How to Make a Chamomile Tincture
You may recall that Peter Rabbit received a scolding and a cup of chamomile tea from his mother after indulging in and barely escaping from Farmer McGregor's garden. Unlike the characters, the remedy is neither literary invention nor coincidence; mothers have been doling out chamomile tea to settle frazzled nerves, an upset stomach, cramps or headache for generations. The tinctured herb offers concentrated, on-the-go therapeutic benefits whenever tea is inconvenient.
Chamomile flowers contain numerous active compounds that collectively contribute to the herb’s calming qualities and anti-spasmotic and anti-infammatory properties. Among them are chamazulene, bisabololoxides A and B, matricin, quercimertrin, the coumarins herniarin and umbelliferone and the flavonoids apigenin and luteolin. Apigenin in particular is responsible for the anti-anxiety effects of chamomile and is a subject of considerable study at this time as an anti-cancer compound.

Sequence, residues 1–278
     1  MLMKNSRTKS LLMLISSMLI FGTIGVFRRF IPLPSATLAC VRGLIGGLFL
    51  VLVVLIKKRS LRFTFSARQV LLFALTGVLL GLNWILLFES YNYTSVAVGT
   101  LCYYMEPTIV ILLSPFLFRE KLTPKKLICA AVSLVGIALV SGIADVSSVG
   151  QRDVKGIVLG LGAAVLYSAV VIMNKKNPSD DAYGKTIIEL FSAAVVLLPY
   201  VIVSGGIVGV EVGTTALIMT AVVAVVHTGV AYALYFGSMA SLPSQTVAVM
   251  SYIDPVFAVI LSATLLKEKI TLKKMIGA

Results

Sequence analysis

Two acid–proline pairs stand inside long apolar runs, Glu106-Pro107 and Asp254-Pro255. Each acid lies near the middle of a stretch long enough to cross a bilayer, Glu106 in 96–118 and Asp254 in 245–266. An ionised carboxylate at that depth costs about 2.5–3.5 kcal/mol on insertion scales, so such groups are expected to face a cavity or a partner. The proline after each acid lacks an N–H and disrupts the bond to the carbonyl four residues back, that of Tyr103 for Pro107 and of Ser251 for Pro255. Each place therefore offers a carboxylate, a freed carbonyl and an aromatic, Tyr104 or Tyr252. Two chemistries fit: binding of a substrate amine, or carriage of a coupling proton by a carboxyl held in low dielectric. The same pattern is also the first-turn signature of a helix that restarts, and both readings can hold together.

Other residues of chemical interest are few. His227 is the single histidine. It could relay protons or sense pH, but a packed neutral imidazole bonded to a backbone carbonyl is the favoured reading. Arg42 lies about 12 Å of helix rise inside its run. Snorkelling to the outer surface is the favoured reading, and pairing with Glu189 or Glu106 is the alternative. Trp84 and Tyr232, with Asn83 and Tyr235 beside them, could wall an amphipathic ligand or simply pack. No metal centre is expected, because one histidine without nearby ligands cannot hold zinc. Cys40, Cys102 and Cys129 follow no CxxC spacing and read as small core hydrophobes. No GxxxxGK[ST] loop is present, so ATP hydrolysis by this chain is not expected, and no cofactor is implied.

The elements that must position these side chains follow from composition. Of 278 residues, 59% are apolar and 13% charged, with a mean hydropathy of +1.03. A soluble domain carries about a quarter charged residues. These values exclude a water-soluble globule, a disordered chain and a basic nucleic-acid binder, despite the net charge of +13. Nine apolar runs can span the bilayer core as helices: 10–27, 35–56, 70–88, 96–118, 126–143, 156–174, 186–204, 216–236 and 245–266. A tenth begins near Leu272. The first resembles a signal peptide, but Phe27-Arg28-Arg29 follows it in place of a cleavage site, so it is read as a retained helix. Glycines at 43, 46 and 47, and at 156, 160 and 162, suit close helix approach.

Chamomile tincture offers the same benefits, but in small, easy-to-take doses. A ½ teaspoon of tincture is the near equivalent of a strong cup of chamomile tea. It may be taken in water, juice or tea two or three times throughout the day to help ease anxiety and stress and the physical symptoms that often appear, like tension headache and upset stomach.
How to Prepare
Fill a mason jar with dried chamomile flowers, leaving about a ½ clearance at the top. Cover the herb with vodka. Place the lid on the jar and let the mixture steep for 4 to 6 weeks. Strain; reserving the liquid and composting the herbal material. Transfer the finished tincture into amber glass dropper bottles. Label and store in a cool, dark place.